Binghamton University students garner prestigious awards


Four Binghamton University students have been honored with prestigious awards. Ravi Gupta won a Truman Foundation Scholarship; Alina Tourkova was named a Junior Fellow by the Carnegie Endowment for International Peace; and Matthew Gervais and Elisa Pueschel have received Barry M. Goldwater Scholarships.

In recognizing the students, BU President Lois B. DeFleur said, “Our students are extraordinarily talented and successful, and we are proud, as a University community, to share in the honor and distinction of these esteemed awards which they have received.”

Ravi Gupta, a double major in science and public policy and philosophy from Staten Island, New York, has been selected to receive a $26,000 scholarship from the Harry S. Truman Scholarship Foundation. Gupta is one of 77 winners selected from among 609 candidates from across the country on the basis of leadership potential, intellectual ability, and likelihood of “making a difference.”

Last summer, Gupta taught English and science to children in Ghana while raising money to build a school there. He founded Binghamton Students for Students International, a SA-chartered group, which raises awareness and funds for students in Third-World countries, and Atuu International, a New York state registered charity, which raises scholarship funds for students in Ghana. Gupta volunteers at Red Cross blood drives, and tutors through the Center for Academic Excellence, donating all his wages to Atuu International.

The Carnegie Endowment for International Peace has named Alina Tourkova a Junior Fellow for the 2004 - 2005 year. She is one of ten students selected from a pool of 305 applicants from across the United States.

Expected to graduate in May with a double major in political science and Russian studies, and a minor in economics, Tourkova will work in Washington D.C. at the Carnegie Endowment's Russian and Eurasian program as a research assistant to academics, former government officials, lawyers and journalists from throughout the world. Their role is to study the non-proliferation of weapons of mass destruction and the United States' role in the world.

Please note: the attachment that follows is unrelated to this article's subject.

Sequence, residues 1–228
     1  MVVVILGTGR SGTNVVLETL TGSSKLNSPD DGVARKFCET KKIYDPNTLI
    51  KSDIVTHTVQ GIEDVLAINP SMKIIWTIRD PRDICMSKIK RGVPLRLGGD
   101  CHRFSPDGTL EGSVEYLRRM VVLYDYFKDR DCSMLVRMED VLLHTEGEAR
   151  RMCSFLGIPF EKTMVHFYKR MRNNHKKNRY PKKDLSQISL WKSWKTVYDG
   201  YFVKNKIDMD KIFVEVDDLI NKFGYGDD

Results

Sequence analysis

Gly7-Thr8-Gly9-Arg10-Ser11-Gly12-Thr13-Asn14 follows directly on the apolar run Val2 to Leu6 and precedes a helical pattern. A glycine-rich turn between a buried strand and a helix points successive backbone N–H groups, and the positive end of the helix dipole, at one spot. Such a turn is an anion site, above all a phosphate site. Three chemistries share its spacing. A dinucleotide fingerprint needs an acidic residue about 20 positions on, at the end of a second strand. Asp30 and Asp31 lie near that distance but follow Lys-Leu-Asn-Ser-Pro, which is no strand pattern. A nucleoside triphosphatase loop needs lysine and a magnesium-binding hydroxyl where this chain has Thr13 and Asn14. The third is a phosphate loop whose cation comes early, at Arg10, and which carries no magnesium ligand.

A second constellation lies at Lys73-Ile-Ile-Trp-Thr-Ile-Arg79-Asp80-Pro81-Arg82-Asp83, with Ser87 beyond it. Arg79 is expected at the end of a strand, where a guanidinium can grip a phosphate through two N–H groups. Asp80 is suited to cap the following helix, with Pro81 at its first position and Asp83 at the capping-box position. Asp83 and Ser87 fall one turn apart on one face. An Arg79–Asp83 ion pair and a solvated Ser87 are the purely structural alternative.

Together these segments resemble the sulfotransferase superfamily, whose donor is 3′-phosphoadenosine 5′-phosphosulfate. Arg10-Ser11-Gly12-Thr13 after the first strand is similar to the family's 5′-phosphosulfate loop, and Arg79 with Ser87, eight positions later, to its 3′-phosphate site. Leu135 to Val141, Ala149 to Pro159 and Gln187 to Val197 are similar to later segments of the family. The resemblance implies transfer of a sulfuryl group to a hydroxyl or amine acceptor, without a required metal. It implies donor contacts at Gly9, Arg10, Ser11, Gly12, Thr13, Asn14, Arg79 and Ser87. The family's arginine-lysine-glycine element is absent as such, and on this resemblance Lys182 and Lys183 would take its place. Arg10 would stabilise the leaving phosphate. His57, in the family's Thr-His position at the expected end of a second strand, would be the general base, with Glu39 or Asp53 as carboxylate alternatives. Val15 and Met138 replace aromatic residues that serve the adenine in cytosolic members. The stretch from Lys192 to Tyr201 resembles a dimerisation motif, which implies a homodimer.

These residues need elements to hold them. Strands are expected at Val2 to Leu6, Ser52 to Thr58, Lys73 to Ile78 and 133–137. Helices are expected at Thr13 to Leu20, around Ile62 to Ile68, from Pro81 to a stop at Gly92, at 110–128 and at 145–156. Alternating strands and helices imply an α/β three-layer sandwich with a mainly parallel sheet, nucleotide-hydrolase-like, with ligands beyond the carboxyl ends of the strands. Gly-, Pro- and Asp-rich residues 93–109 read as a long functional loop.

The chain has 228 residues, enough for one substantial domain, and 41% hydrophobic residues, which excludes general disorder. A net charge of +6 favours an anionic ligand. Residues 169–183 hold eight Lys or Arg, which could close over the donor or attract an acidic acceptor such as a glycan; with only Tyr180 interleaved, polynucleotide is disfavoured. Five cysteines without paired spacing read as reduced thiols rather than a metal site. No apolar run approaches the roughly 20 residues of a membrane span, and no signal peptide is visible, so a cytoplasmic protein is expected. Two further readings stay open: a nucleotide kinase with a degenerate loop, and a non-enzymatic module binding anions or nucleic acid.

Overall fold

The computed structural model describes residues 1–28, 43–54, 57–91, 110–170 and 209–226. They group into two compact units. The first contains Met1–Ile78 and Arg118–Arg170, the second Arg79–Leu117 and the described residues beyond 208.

Founder and president of BU's Russian Club, Tourkova has tutored BU students in political science and Russian. She has also mentored local middle school children who recently emigrated from Russia and the Ukraine. Last year, she received the Dr. Israel J. Rosefsky Language and Culture scholarship to study in St. Petersburg, Russia. Tourkova hails from Fairlawn, New Jersey.

Two BU students were awarded Barry M. Goldwater Scholarships, a premier national award that fosters and encourages outstanding students to pursue careers in the fields of mathematics, science and engineering.

Matthew Gervais, a sophomore double majoring in psychobiology and philosophy, and minoring in anthropology, and Elisa Pueschel, a junior majoring in physics, are among the 310 winners from 1,113 nominees nationwide.

Gervais, who is from Liverpool, New York, received an Undergraduate Research Award last fall to study the evolution and causes of laughter by synthesizing existing theories and research from across several disciplines. His work continues as an independent study with evolutionary biologist David Sloan Wilson. Gervais is a member of Phi Beta Kappa and the Golden Key National Honor Society, and has made the dean's list every semester.

Pueschel, who is from Vestal, New York, is a Binghamton Scholar and a member of Phi Beta Kappa. She won first place in the fall 2002 undergraduate poster competition at the American Physical Society Symposium. Last spring, she received an Undergraduate Research Award to study the relationship between a metal particle's size and its melting temperature. Pueschel’s continuing research activities include developing new ways of studying the top quark, a mercurial variety of one of the two elementary building blocks of matter, at the particle collider at Fermi National Accelerator Laboratory in Chicago.

Last Updated: 9/17/13